Sunday morning (1 May, 9.30am) and Stephen Nolan, multi-Sony-award-winning presenter, is on BBC Radio 5 Live with an Alternative Vote (AV) special. "On Thursday," he roars, "that's Thursday - in four days - millions of us will go to the polls!" Perhaps Nolan is afraid we would forget where we'd left Thursday, the days of the week so ruinously muddled following the double bank holiday.
Nolan continues, his heavily Belfast-accented, game-show-host, on-off voice somewhere between a striped, red blister and a sweet Cinzano: "Forty-six million of us will be asked if we want to switch to the Alternative Vote. The AV. Alternative Vote. It's over to you. Will you pick AV or the current system? Is the Alternative Vote - the AV - for you? Still undecided? Which side will win your vote? That's a debate, here, live, after a preview of Northampton v Perpignan." Sorry, Stephen, but can you repeat that? Only, this time, make it last longer in the mind. Like a kick in the knee. "On Thursday, 46 million of you will be invited to change our electoral system. You'll be asked to answer Yes or No - just Yes or No - to the following question: should the Alternative Vote system be used instead? That is the question. What do you make of it? We're on air until 11."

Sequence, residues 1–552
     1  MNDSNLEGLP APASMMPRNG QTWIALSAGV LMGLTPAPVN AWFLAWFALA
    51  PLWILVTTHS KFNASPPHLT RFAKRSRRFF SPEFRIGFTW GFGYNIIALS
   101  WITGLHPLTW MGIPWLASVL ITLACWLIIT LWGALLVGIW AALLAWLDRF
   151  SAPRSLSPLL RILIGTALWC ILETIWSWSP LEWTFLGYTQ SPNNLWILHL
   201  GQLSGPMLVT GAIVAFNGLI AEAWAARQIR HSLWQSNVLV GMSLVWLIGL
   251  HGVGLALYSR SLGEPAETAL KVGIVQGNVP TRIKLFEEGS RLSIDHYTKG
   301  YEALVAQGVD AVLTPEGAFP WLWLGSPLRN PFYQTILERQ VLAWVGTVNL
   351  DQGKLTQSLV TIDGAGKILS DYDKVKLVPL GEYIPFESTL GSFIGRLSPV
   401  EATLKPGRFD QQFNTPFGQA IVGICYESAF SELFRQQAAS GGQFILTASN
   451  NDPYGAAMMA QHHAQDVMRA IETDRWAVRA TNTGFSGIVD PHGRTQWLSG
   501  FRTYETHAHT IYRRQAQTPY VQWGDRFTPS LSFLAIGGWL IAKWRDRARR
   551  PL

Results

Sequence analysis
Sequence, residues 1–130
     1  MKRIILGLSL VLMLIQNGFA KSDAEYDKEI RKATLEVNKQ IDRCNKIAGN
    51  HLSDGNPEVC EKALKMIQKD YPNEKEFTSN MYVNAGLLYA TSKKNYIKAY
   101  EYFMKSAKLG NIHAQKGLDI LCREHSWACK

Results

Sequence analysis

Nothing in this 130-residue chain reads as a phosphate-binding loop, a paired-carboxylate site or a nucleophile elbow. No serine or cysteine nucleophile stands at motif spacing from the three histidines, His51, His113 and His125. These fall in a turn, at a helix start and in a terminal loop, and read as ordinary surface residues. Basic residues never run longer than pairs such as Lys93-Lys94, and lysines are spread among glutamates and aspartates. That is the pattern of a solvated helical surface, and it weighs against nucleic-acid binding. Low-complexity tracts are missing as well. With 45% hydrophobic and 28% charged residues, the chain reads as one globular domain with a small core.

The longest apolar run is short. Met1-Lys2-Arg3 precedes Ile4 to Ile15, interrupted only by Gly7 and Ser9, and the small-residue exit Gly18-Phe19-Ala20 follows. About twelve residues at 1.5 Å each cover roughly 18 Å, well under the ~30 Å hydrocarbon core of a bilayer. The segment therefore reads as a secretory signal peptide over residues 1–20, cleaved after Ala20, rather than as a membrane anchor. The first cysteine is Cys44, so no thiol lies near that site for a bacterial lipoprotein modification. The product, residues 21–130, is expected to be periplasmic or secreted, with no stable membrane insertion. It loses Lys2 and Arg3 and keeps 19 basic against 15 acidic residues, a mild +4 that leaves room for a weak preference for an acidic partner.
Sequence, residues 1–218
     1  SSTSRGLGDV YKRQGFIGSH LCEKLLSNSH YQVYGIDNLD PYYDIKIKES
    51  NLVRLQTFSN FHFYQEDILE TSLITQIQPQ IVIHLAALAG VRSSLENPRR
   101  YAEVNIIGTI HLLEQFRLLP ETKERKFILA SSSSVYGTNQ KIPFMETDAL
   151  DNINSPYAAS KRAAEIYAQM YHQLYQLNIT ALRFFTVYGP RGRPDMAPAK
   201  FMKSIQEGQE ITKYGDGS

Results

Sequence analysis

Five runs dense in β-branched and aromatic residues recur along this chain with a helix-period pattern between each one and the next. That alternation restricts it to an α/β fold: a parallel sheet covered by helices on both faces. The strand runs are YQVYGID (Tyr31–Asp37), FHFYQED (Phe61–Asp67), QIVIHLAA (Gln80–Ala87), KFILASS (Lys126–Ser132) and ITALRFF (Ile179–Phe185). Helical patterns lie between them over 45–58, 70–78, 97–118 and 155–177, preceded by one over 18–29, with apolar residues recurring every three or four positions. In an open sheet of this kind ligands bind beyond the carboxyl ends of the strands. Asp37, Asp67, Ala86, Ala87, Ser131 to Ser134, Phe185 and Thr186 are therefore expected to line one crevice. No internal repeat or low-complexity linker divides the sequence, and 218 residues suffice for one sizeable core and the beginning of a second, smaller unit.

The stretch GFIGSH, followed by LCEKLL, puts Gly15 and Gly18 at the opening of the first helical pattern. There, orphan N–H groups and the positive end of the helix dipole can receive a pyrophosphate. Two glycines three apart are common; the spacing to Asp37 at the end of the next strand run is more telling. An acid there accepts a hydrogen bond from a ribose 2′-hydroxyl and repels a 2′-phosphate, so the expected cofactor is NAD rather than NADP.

Nope, still at sea. This isn't an AV special devoted to concurring energetically that it's an AV special, is it? Encore Stephen, and immediately, before someone talks about eleven-plus in Northern Ireland, the compulsory bilingual policy for businesses in Wales, the Turkish Grand Prix - or what AV actually is. (But sadly not beforesoundbites from the assistant whip Jonathan Reynolds, Hazel Blears and David Rutley: "OK, my view of this is that . . . you get a feeling it's just a bit unresponsive"; "Smoke-filled rooms. It's a complete waste of time".)
“Hello! I'm Stephen Nolan and we're talking about the referendum on the Alternative Vote. When you walk into the polling station on Thursday, you'll be asked to answer the following question: at present, the UK uses the first-past-the-post system to elect MPs to the House of Commons. Now, should the Alternative Vote system be used instead? That's the question! A modest but substantial change? Massive implication! We're on air till 11." l